People tell me, hey, but Nigel Farage is likeable. Likeable? To whom? How can you find Nigel Farage “likeable”? He is only “likeable” if you “like” people because they have learned how to apply charm like a coat of bad paint. I judge people – especially potential future leaders – on their actions, values, and character, not whether they enjoy a pint and have a lopsided grin.

It is ironic that the media and political careerists are the first to accuse those of us who have no patience with the question-dodging, fact-dismissing, £2m-in-expenses-claiming Farage of being disinterested in why he connects with people. It is ironic because they are the ones interested in the psephology of the thing. Will it harm the blue vote or the red vote? Will they challenge Labour in the north or should they focus all resource on the south? Should the right have supported the alternative vote? These are the sort of people who say things like: “this is too important to be made into a political issue. ” What the hell are your politics about , if not important things? These are the sort of people who say: “he’s a nice person and I get on very well with him – obviously his politics are horrendous though.” Your politics come from your values. If your values are horrendous you’re not a very nice person.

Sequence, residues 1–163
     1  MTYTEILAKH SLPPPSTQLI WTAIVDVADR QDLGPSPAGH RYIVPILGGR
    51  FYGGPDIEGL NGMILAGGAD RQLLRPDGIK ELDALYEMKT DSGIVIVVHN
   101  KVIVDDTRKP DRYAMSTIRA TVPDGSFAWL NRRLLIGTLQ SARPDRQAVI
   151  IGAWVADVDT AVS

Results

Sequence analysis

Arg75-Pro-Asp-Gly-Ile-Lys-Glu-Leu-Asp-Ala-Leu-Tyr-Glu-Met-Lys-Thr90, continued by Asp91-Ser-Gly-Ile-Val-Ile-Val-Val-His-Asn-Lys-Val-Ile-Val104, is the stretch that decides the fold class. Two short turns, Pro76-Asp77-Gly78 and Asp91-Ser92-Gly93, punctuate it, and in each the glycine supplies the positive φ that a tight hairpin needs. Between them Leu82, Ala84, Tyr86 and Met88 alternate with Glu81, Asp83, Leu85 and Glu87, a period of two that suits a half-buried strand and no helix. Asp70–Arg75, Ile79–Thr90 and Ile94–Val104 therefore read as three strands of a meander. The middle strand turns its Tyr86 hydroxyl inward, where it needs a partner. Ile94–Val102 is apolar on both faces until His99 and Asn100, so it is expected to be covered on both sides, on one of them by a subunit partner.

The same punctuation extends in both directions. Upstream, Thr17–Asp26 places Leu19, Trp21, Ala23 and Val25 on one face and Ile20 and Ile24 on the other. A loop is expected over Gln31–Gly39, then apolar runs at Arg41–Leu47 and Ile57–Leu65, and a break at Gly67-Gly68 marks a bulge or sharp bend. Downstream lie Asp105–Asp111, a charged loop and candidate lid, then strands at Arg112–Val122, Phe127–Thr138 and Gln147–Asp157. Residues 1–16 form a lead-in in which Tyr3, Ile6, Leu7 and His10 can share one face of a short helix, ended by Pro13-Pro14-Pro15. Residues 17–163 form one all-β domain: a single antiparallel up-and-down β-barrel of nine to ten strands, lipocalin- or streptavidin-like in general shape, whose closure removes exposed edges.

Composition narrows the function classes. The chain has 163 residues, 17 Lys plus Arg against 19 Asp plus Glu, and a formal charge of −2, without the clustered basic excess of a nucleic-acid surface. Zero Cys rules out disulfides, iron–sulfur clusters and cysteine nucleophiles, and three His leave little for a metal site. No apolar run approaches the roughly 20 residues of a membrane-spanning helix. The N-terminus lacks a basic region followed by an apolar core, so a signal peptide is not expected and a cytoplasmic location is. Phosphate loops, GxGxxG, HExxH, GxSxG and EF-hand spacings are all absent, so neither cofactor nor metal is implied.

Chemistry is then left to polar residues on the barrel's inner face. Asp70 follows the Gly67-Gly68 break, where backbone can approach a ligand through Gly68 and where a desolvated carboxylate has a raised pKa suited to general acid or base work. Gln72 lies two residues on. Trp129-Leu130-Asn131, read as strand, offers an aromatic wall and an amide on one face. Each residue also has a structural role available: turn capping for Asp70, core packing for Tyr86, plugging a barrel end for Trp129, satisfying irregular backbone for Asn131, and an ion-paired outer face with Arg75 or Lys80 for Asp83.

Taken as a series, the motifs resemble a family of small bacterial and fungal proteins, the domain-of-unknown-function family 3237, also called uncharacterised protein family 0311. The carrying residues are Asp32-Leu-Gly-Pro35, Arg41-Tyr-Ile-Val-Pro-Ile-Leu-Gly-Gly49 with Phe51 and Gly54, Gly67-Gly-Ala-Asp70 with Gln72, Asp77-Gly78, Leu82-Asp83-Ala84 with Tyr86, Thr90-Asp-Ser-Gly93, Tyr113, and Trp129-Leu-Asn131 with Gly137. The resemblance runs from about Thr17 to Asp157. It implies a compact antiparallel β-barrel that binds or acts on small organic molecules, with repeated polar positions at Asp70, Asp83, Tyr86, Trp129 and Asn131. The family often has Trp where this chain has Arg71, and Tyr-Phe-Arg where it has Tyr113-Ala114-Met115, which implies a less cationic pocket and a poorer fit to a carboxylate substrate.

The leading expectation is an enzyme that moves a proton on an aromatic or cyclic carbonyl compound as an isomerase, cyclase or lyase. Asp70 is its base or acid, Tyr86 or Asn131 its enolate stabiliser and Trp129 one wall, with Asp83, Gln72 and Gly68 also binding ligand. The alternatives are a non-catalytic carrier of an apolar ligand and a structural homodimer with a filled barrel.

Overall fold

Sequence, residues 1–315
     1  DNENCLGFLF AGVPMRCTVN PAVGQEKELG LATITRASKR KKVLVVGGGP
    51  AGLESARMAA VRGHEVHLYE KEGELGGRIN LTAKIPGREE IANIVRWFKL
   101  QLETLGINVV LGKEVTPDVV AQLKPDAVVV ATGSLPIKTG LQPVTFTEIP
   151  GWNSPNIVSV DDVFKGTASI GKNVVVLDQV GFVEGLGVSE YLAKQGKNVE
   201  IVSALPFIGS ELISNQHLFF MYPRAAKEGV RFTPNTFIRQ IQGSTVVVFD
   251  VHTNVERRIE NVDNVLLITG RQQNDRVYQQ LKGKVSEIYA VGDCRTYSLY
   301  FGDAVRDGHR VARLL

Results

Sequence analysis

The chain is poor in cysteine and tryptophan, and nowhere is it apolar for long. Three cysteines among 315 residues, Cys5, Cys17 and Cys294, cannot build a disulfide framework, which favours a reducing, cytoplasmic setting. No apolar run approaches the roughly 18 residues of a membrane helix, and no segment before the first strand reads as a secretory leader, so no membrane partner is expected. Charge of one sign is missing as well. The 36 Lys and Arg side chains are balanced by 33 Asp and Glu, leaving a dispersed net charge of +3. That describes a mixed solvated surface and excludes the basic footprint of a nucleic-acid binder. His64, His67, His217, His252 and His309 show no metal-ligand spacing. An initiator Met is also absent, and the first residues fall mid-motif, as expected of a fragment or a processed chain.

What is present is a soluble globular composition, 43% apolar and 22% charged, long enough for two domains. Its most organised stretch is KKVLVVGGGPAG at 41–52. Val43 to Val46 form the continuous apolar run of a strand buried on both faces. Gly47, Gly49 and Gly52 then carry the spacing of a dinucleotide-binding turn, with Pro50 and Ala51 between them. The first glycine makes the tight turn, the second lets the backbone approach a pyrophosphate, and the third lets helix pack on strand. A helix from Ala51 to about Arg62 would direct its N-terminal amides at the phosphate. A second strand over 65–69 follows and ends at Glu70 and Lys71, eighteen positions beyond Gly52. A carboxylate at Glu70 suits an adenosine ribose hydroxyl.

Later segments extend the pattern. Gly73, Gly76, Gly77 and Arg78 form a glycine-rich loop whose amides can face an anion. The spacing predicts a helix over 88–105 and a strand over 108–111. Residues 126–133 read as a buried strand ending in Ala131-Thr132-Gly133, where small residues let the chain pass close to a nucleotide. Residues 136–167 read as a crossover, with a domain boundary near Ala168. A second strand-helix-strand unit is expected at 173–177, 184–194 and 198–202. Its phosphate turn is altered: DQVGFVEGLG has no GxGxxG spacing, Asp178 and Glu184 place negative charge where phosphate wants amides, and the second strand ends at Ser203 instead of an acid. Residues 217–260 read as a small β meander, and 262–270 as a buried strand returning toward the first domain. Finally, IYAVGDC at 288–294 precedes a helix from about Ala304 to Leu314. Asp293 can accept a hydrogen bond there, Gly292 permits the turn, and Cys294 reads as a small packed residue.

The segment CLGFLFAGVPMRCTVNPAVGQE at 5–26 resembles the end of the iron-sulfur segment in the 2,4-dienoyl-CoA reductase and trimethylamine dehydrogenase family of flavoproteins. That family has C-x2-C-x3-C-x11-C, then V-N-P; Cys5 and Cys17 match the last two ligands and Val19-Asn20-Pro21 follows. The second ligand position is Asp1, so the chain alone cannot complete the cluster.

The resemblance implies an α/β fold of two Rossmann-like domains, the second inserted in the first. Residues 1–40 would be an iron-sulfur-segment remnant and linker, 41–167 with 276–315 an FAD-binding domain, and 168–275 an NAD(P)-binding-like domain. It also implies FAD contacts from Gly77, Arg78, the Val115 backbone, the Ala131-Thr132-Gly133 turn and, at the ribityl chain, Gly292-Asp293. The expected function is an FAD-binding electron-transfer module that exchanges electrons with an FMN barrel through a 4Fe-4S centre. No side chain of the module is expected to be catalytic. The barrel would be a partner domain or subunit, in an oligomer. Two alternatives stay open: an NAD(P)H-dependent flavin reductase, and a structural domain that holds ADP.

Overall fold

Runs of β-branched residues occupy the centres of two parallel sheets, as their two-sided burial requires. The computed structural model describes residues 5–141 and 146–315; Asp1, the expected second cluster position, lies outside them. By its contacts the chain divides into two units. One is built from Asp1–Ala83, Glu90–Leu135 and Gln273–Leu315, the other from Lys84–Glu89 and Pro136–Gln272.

And why do UKIP supporters still get these generous assumptions that UKIP connects with people because they’re disillusioned or vulnerable? There are a lot of people who do hold racist, sexist, and homophobic views and they’ve just been waiting for somebody “likeable” like Farage to come along and validate them.